07 May 1996 ............... Length about 2100 words (13000 bytes).
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Visualisation by tables

Stephen W. Draper
GIST (Glasgow Interactive Systems cenTre)
Department of Psychology
University of Glasgow
Glasgow G12 8QQ U.K.
email: steve@psy.gla.ac.uk
WWW URL: http://www.psy.gla.ac.uk/~steve


This is a position paper for the 1996 Fadiva workshop at Gubbio.

Contents (click to jump)

The space of tables
Usability features
Visual layout of tables to support problem solving


One of the oldest visual representations of data is tables: 2 dimensional rectangular grid layouts. This paper argues that:


A simple printed table has a close connection to a database relation: the analogy is widely used in introductory database courses. However inspection of the variety of tables found in books shows that there is more to be said. The canonical kind of table generated from a relation (e.g. fig.1) uses rows for tuples (entities in the simple cases we shall concentrate on), and columns for relationship parts (attributes in the simple case). However where tables have been designed by people for visual convenience, other patterns are common. In fig.2 not one but two columns are used for one attribute (which has two alternative enumerated values) with the result that two tuples are encoded in each row. This example can be generated by few if any of the output facilities attached to databases, yet it saves space (by adding one column, it halves the number of rows), and furthermore it is perfectly comprehensible, perhaps more so than the standard alternative (fig.3).




The space of tables

A graph or scattergram is 2 dimensional in the sense that the X and Y axes represent real values, while the presence or absence of a point specifies a relation between them at that pair of values. A table might be thought of as basically 3 dimensional, in that while the X and Y dimensions can be used to represent two independent values, the number appearing in a cell of the table can specify a third e.g. you could have a table of latitude and longitude values, with height above sea level appearing in the cells. However tables are used in many other wayss, much of the flexibility coming from the fact that the data values for a "dimension" i.e. attribute of the data domain either form an enumerated type formally (e.g. the days of the week) or else in practice occur only in a few values e.g. pipes supplied in only a few different diameters.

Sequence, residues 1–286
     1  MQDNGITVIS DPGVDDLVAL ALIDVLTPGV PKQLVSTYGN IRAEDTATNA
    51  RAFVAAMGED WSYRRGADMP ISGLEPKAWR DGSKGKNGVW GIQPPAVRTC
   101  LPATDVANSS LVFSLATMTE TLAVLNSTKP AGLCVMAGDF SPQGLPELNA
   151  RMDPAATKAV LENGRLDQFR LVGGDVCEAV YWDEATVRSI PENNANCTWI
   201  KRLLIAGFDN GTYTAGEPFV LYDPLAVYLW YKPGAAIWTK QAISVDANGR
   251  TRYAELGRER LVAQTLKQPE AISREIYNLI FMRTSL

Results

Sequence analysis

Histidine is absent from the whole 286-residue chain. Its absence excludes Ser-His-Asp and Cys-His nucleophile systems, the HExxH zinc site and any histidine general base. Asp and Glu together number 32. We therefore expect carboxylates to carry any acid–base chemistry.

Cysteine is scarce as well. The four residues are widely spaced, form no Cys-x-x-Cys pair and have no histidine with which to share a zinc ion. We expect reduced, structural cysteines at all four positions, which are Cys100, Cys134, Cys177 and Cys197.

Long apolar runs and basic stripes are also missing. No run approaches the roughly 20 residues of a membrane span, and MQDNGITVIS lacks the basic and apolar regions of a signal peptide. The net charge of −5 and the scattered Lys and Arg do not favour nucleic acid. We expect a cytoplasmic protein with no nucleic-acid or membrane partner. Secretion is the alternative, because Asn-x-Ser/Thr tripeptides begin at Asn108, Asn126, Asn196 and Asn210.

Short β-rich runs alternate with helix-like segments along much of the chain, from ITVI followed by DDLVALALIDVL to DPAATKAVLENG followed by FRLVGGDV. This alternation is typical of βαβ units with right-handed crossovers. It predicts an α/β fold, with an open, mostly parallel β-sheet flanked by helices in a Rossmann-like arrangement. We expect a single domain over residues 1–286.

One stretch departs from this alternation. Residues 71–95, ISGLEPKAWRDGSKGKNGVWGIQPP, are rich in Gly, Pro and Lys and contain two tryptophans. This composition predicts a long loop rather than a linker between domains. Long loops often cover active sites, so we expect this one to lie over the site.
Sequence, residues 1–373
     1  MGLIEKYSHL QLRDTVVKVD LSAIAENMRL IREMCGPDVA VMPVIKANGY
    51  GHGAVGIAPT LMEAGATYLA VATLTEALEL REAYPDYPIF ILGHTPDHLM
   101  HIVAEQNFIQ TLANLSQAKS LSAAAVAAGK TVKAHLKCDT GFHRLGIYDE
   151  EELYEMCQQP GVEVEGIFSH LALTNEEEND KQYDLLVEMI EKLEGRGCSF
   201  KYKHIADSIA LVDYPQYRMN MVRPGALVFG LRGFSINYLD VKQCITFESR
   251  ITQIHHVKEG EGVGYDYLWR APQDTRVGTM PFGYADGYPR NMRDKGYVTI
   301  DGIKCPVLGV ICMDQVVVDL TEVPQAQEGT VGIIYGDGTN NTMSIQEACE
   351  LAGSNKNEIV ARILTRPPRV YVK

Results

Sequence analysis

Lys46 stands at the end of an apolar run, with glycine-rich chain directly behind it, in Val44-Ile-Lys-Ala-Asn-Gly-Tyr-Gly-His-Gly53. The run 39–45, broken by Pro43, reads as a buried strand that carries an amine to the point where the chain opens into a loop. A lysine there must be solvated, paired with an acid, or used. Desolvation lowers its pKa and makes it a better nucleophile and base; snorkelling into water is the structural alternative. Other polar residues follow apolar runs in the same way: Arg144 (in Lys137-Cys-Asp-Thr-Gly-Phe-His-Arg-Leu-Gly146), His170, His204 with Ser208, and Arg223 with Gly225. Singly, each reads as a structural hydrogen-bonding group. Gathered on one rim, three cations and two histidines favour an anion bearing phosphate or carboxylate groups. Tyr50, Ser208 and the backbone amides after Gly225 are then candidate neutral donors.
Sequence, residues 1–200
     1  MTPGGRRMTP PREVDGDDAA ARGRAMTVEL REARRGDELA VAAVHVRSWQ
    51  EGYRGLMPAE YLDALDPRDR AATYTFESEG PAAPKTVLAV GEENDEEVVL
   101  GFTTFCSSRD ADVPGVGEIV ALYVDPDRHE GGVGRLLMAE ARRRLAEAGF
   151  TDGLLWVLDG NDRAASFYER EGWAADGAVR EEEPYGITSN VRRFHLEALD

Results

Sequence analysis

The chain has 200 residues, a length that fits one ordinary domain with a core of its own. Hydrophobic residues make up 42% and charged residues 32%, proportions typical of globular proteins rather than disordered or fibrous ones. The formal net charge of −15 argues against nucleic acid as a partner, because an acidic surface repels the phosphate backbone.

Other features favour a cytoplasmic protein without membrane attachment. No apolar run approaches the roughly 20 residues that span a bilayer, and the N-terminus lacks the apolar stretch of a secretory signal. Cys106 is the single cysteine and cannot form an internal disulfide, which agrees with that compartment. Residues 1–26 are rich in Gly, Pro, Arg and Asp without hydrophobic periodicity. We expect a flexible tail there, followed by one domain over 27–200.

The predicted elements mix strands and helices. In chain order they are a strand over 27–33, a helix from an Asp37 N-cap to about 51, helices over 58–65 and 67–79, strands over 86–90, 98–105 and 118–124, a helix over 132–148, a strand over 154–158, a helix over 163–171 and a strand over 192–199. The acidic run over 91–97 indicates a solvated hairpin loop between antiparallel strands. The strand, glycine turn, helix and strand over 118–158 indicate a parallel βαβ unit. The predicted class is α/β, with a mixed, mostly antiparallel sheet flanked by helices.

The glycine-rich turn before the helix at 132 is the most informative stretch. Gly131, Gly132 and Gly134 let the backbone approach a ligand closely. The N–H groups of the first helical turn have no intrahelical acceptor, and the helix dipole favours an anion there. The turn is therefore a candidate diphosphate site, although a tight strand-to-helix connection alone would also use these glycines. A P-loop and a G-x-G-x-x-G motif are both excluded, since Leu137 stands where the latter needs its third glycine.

A set of types of table might be as follows:

  1. No dimensions e.g. the Macintosh desktop display, or the array of iconic commands in the Hypercard Tools menu or the Clarisworks drawing tools palette, where position has no particular meaning. [0 dimensions.]
  2. A histogram, where one dimension represents data values, and the other (the height of the bars) represents the count of instances of that value. [1 dimension enumerates an attribute, 1 represents counts on instances / entities.]
  3. Railway timetables. Here one dimension enumerates stations at which the trains may stop, while the other (often unlabelled) dimension enumerates the trains (the entities that occur). [2 dimensions represent entities, cells represent an attribute relating them.] Similarly you might have a table of distances between cities, where the latter are enumerated on both dimensions and the distances are in the cells; or a table giving salary (in the cells) as a function of job title and number of years in that job.
  4. Timber by length, breadth, depth permuted in 3 columns, and price in a fourth column (fig.4). [One dimension for entities (available types of timber piece), the other for multiple attributes.] Obviously such columns can be multiplied indefinitely in two ways: a) for each entity, more attributes than price can be represented each in an additional column. b) An entity can be defined using a combination of more than three defining attributes, provided they are enumerable.